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Comment: Re:Where were you when the Eagle landed? (Score 1) 211

by tragedy (#47505721) Attached to: Apollo 11 Moon Landing Turns 45

From the article you link to:

Before the war, Bush had gone on the record as saying, "I don't understand how a serious scientist or engineer can play around with rockets",[56] but in May 1944, he was forced to travel to London to warn General Dwight Eisenhower of the danger posed by the V-1 and V-2.

So, it looks like he wasn't a fan of rocketry in general, which wasn't really particularly visionary of him in retrospect.

Comment: Re:Not about jealousy, but ... (Score 1) 265

by tragedy (#47423627) Attached to: Dubai's Climate-Controlled Dome City Is a Dystopia Waiting To Happen

It's not necessarily as bad as you make it out to be. Let's say that you have a hemispherical dome covering 4.3 square miles, which I think is what the summary is trying to say. That's a diameter of 3766 meters and an interior volume of about 14 billion m^3, which is something like 17.15 billion kg of air. It's around 1000 joules per degree celcius for each kilogram. So, if you start with a very nasty 45 degrees celcius and get it down to a comfortable 20 degrees celcius, that's 428 terajoules. Obviously Air conditioning is not perfectly efficient. We'll assume an EER rating of 13 for the air conditioning, which may actually be a bit low for a huge commercial system. That's about 38%, so it would take 1.121 Petajoules. Let's say we're powering by gasoline. There's around 120 megajoules per gallon of gas, which translates to around 24 megajoules of electricity per gallon at 20% efficiency. So, that's around 46.7 million gallons of gasoline. Gas is around $2 a gallon in Dubai, so that's around $93.5 million. That's not very much compared to the initial construction costs of such a structure.
That's just the initial cooling, of course, there's still the matter of keeping it cool afterwards. With such a large structure, heat transfer from the outside is almost negligible with proper design. It's a huge number compared to a regular home, but it's very small relative the the massive volume. Then there's the heat generated inside. A typical human puts out around 100 watts of heat just by being alive, then there's all the lighting, cooking, and every other use of power. Guessing a kilowatt of heat generated per person wouldn't be too far off. From the numbers I've found, I'm estimating that they're expecting an upper limit of about 4 million people continuously (180 million visitors per year, guessing they will stay for a week, plus some permanent residents), so that's 4 gigawatts of cooling, or 126 petajoules per year. Going by our previous figures, that's around $10.5 billion dollars per year. That seems like a huge sum of money, but that's only $58 per visitor if they have 180 million per year (and it obviously scales down somewhat if they have fewer visitors).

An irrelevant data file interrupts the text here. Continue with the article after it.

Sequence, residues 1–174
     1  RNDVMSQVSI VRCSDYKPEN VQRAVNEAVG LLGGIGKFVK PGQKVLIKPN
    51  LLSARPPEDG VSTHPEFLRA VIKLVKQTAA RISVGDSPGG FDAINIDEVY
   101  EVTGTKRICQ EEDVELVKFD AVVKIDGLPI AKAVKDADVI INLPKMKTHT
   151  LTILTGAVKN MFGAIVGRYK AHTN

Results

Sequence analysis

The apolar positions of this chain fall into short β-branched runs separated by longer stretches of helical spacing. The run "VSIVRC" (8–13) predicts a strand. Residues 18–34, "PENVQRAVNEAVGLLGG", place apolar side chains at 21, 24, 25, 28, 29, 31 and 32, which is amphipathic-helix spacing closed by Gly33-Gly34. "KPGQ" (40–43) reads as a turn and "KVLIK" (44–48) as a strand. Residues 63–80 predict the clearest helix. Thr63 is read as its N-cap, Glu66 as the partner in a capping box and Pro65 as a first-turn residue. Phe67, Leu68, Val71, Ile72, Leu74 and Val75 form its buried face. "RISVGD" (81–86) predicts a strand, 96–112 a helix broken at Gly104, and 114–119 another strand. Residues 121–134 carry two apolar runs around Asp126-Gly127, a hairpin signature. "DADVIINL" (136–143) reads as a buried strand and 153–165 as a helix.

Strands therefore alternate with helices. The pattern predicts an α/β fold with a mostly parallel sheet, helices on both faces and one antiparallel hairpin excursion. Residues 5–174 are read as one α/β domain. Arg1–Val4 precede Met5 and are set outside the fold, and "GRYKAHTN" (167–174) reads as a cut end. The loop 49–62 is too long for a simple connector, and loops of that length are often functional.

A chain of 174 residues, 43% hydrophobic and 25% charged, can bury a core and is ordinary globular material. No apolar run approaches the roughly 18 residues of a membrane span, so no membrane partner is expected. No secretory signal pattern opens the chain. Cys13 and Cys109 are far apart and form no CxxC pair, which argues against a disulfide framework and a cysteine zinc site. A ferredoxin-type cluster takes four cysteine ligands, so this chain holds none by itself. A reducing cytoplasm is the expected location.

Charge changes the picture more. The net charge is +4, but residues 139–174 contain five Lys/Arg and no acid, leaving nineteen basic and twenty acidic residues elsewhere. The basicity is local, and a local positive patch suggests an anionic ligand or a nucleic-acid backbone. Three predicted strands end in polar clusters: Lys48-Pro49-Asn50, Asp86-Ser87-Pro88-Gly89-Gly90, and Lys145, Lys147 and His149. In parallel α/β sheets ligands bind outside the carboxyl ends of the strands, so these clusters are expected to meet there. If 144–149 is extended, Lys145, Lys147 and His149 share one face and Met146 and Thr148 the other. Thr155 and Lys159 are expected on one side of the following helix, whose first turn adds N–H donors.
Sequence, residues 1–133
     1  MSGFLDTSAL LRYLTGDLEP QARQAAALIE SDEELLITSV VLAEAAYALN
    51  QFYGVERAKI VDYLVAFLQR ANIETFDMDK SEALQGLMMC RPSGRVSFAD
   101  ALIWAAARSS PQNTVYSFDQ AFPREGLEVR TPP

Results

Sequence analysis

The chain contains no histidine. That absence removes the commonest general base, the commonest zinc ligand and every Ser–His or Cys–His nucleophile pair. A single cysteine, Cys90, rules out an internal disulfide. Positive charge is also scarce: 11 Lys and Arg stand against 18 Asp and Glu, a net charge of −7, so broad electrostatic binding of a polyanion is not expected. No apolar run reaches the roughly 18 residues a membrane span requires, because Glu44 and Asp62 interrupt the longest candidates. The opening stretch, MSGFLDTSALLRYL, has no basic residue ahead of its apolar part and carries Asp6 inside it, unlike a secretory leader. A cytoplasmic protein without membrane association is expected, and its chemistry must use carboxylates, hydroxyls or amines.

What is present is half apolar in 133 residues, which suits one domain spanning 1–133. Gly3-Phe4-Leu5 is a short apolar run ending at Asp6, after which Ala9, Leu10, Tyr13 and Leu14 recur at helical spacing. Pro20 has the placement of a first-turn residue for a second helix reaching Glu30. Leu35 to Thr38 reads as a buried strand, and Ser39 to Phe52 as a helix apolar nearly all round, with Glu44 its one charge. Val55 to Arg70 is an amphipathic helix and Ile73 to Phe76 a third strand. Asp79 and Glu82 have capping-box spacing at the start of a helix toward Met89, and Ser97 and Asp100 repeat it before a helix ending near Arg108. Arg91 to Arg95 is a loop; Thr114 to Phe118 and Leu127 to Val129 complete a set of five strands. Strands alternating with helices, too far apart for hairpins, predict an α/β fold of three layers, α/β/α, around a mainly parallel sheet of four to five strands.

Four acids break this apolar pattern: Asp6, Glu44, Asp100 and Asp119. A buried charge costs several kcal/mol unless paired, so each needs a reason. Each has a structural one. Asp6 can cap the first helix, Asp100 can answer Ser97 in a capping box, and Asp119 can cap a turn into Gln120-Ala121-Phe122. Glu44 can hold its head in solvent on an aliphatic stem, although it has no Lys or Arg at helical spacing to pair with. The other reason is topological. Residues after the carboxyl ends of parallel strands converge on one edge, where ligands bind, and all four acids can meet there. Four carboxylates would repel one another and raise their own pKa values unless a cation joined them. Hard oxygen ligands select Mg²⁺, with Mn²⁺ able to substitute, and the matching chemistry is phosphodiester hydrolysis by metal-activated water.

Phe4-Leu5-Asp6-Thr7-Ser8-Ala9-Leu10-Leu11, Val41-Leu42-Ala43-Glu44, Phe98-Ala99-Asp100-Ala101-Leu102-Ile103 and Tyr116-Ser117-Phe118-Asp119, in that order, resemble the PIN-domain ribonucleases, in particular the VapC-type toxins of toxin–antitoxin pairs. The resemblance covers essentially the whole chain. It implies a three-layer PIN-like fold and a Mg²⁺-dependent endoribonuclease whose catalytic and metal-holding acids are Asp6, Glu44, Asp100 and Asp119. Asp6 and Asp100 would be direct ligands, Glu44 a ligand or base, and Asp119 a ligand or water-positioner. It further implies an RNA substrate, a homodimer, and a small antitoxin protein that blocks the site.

These numbers are all rough, of course, and use naive assumptions about the shape of the dome, energy consumption, design efficiency, source of power etc. Obviously powering by gasoline would be crazy from an ecological standpoint, but there's an abundance of solar power available there, and the gasoline cost is just a stand-in. The numbers I gave are skewed towards the worst-case scenario, and they're still reasonable. There's nothing impossible going on there. There may be plenty that can go wrong with such a project, but making out the air conditioning in to a near-apocalyptic problem is a bit hyperbolic.

Comment: Re:the length of a 10-passenger limousine (Score 1) 55

by tragedy (#47416011) Attached to: Ancient Bird With Largest Wingspan Yet Discovered

It all depends on exactly which definition of "dinosaur" you use. Many, if not most, modern palaeontologists consider birds to be dinosaurs. Even if you use the traditional definition of dinosaur that restricts them to the Mesozoic, there were birds during the Jurassic and Cretaceous, so you would be saying that birds who didn't survive the era were dinosaurs, but those that did aren't. Which would make it weird for any bird species that survived unchanged well past the extinction. Would that single species be a dinosaur species up to the end of the Mesozoic, but cease to be right at the boundary? Would they just retroactively not be dinosaurs?